The mythical symbol of the self-devouring serpent is old. We know it’s at least thirty-three centuries old, because it was found among Tutankhamun’s grave goods. We call it Ouroboros, from the Greek οὐροβόρος ὄφις: “tail-devouring snake”. Throughout history, it’s been used as a magical symbol to show something that is unending, or cyclical in nature.
We live in enlightened times, and very few people believe in such a thing as a snake that eats its own tail. In the age of reason, it’s apparent that no such creature can exist… but what if mankind’s progress is precisely what makes an unending, cyclical pattern an impossibility?
We live in tremendous luxury, but also in a time when thinking about scarcity doesn’t simply mean going hungry if the rain fails, or the winter is a bad one: scarcity means a new kind of poverty that effectively lasts forever. If we use up all the platinum or china clay, or (eventually) oil… that’s it: it’s gone the way of the woolly mammoth, and life on Earth will never again provide us with quite as many options.
Present-day society seeks the unending, too: we call it sustainability. “Development that meets the needs of the present without compromising the ability of future generations to meet their own needs” was how the World Commission on Environment and Development (WCED, 1987) defined sustainability in a report to the United Nations. But how do you achieve that?
I don’t know about you, but I’m not ready to turn away from the things that an industrialised society has given us. I like telecommunications, flying, healthcare, clean drinking water and so on… but the whole industrialised system is predicated upon a series of transactions that each look something like this:
Whatever you want, there is a price to pay. If you want a product or service, you have to accept that its provision involves the consumption of materials and energy, and the emission of gases, noise, and waste heat. Many processes also create byproducts, or scrap. In many industries it’s normal to pay a company to take these away.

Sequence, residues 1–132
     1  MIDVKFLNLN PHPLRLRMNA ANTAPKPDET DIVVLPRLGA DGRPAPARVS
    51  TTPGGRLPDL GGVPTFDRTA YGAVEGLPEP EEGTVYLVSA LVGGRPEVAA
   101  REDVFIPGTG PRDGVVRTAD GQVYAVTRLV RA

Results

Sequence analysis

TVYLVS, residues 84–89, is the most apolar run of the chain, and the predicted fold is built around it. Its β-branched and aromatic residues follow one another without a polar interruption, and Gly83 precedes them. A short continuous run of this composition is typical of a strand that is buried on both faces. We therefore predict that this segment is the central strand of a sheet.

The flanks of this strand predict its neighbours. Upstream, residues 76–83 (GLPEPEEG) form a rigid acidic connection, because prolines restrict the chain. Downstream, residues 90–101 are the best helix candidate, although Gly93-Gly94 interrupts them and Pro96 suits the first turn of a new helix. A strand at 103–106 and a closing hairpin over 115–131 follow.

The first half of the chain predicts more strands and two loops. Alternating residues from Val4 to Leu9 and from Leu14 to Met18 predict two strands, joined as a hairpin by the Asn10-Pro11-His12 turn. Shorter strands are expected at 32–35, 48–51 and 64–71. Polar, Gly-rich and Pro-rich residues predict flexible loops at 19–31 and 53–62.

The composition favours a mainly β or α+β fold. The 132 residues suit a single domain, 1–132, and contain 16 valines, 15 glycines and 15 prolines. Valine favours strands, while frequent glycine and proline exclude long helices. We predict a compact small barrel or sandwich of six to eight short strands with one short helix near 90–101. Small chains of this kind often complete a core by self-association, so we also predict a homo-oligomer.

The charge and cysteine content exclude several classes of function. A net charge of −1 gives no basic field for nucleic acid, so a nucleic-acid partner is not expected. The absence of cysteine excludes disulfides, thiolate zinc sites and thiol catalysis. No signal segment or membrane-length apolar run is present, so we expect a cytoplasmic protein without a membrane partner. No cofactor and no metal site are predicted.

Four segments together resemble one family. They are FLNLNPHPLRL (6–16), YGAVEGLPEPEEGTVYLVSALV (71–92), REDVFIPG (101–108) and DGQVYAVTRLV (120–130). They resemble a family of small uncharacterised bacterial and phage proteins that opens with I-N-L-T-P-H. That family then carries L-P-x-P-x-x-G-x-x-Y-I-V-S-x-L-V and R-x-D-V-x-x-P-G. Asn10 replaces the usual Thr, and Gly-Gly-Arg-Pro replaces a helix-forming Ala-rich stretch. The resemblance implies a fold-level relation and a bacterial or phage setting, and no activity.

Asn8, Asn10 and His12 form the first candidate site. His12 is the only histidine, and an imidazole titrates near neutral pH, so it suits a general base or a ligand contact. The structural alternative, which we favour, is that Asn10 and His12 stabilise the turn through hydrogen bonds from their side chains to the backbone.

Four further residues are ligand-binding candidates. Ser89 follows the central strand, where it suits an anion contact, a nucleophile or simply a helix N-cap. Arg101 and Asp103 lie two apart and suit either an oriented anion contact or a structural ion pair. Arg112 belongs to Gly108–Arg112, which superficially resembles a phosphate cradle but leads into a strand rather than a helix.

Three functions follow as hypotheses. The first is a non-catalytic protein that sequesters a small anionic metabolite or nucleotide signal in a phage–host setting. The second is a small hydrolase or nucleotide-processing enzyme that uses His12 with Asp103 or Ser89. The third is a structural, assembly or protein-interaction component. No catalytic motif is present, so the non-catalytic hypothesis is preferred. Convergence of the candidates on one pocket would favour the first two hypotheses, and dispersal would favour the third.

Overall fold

But what if we can find some other business for whom our byproduct is valuable as a feedstock? This is the beginning of industrial symbiosis. It works in exactly the same way as symbiosis in nature, where we see mutual benefits when creatures of different species get along together. There are quite a few places in the world where small fish organise themselves in ‘cleaning stations’, eating parasites, fungus or dead tissue from larger fish, or sea turtles. (Sometimes you can even see the larger fish queuing up, just as if it were a carwash…)
It happens among creatures on land, too, and (if it’s truly symbiosis) both creatures benefit. So how do we go about achieving industrial symbiosis?
We can learn a lot from the Kalundborg industrial park in Denmark. It didn’t start out as an ecological initiative, but it evolved into one because it made good financial sense. It’s centred upon several large industries that complement each other beautifully.
Fly ash (the fine particles generated by burning coal) from the Asnæs Power Station is captured and used in cement manufacture. Later, the power plant installed equipment to capture sulphur from its flue gases as well; the resulting calcium sulphate is sold to Gyproc, who use it in the manufacture of plasterboard. Steam from the Asnæs plant is supplied to the nearby Statoil refinery and a pharmaceutical manufacturer, this being a cheaper solution than each running its own boiler system. The refinery, in turn, sends its cooling water to the power station, and instead of simply being burned off, refinery flare gas is sent into the power station as well. Lower-grade waste heat from the power station is piped into the city of Kalundborg, and a nearby fish farm.
And so it continues. There are more partners, and more symbiotic successes than a single article can do justice to. None of this is an act of charity, and none of it is a ‘PR stunt’; it’s done for sound commercial reasons.
Each ‘waste’ material is sufficiently valuable to somebody else that they establish a logistic solution enabling them take it away, and in many cases they pay for it. The refinery employing steam from the power plant and sending its flare gas and cooling effluent back to be made into more steam is a particularly interesting thing, because it hints at a partially ‘closed loop’ supply chain.
Perhaps, if we search hard enough, we will find synergies that don’t just exist in isolated clumps, but which actually form loops and closed circuits. Kalundborg teaches us that if we are clever, the snake can be made to eat its own tail, and the industrial world can be sustained.
Cervantes, G. (2007) “A methodology for teaching industrial ecology”, International Journal of Sustainability in Higher Education, Vol. 8 Issue: 2, pp.131–141
WCED (1987) Report of the World Commission on Environment and Development: Our Common Future, available from http://www.un-documents.net/wced-ocf.htm